Weather Report: Historic Tornadoes Strike Southeastern States [Dec 11, '21]
New records may have just been broken for longest and strongest tornadoes, but what does climate science have to say about it?
The Weather Report:
Big unstable storm beats southeastern USA
Last night, a pretty significant storm hit the southeast. This photo from CNN shows roughly where I’m talking about:
There are a ton of photos and videos circulating now that the storm has passed, but so far I believe that this one is pretty good (Heads up, the following is footage of mass destruction in Mayfield Ky)
And here is a longer version of that same footage.
It’s pretty bad, over 50 people are confirmed dead, an amazon warehouse got destroyed, and entire areas have been reduced to their foundations.
The government hasn’t released official data yet, but preliminary reports suggest that this tornado cluster was a record breaker, with one tornado having traveled over 200 miles!
Tornadoes and a changing planet
For those of us outside of tornado alley, tornadoes seem like a horrifying thing that would never happen here. For others, they are a part of life.
There is not a lot of good data yet on how tornadoes are changing as a result of climate change. Further, tornadoes are one of the hardest things to attribute to climate change. Noah Diffenbaugh, a professor of earth systems science at Stanford told the NYTimes: “Tornadoes are the kind of extreme event where we have the least confidence in our ability to attribute the odds or characteristics of individual events to an influence of global warming.”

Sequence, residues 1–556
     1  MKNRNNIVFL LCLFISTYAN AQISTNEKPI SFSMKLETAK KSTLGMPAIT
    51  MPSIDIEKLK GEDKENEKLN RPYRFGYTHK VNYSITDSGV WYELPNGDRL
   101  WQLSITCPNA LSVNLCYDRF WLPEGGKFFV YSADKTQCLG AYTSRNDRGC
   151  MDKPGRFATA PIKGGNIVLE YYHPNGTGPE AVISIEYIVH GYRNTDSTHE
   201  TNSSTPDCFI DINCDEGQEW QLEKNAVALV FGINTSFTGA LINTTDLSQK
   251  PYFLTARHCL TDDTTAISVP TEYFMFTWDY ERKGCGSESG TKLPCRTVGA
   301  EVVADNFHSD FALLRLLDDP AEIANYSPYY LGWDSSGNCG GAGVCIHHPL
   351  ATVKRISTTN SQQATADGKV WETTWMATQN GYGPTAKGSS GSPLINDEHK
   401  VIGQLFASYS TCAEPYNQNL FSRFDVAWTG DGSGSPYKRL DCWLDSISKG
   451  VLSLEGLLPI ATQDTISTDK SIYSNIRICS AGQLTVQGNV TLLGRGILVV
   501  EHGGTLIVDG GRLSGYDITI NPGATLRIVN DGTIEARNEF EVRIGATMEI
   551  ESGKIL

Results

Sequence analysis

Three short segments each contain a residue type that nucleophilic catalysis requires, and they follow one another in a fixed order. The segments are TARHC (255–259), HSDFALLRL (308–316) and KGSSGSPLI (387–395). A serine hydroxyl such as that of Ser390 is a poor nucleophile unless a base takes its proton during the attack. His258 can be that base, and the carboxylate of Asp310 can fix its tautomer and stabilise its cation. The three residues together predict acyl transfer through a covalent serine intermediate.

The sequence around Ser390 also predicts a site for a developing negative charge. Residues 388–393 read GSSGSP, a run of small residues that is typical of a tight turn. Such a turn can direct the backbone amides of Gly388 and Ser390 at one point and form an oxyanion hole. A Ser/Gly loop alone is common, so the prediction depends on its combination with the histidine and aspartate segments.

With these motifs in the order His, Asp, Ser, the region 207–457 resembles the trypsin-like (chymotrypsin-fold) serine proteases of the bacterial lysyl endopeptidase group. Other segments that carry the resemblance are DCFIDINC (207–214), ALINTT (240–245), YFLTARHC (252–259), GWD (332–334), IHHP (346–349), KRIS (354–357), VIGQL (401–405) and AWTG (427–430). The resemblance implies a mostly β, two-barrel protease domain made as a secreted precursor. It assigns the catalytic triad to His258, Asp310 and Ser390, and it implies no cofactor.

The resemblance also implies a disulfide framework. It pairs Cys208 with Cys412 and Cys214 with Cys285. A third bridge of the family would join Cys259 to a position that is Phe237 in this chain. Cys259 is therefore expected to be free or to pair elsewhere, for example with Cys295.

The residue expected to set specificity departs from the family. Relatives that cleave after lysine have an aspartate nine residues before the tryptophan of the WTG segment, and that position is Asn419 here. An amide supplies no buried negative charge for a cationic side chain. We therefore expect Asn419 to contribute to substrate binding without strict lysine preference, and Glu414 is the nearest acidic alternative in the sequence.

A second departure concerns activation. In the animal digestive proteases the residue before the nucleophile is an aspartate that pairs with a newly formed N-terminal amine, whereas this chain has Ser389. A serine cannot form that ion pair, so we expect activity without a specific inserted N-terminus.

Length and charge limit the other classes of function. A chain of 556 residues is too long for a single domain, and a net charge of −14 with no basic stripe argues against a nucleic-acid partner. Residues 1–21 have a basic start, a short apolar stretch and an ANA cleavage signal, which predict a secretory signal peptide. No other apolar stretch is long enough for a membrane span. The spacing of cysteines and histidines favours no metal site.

However, there is evidence that tornado clusters (like the cluster that just happened yesterday) are becoming more common. This matches up with what I have been learning in class, and is backed up by counting the amount of tornadoes per day in the USA. Additionally, it seems like tornado alley is shifting eastwards, with parts of Ohio having less tornadoes while further east more tornadoes are touching down.
In short: we can’t yet 100% link climate change and changes to tornadoes, but we see stronger tornadoes and more tornado clusters each year. Climate change is probably playing a role and we have tons of reasons why we are seeing the changes to tornadoes, but nothing 100% yet.
This does not mean climate change is not changing tornadoes, it is. We just don’t certainly know how.
In the end, it pays to be prepared!
When you receive a weather alert, take it seriously. Our planet is changing and these storms are getting wetter, stronger, and nastier as a result.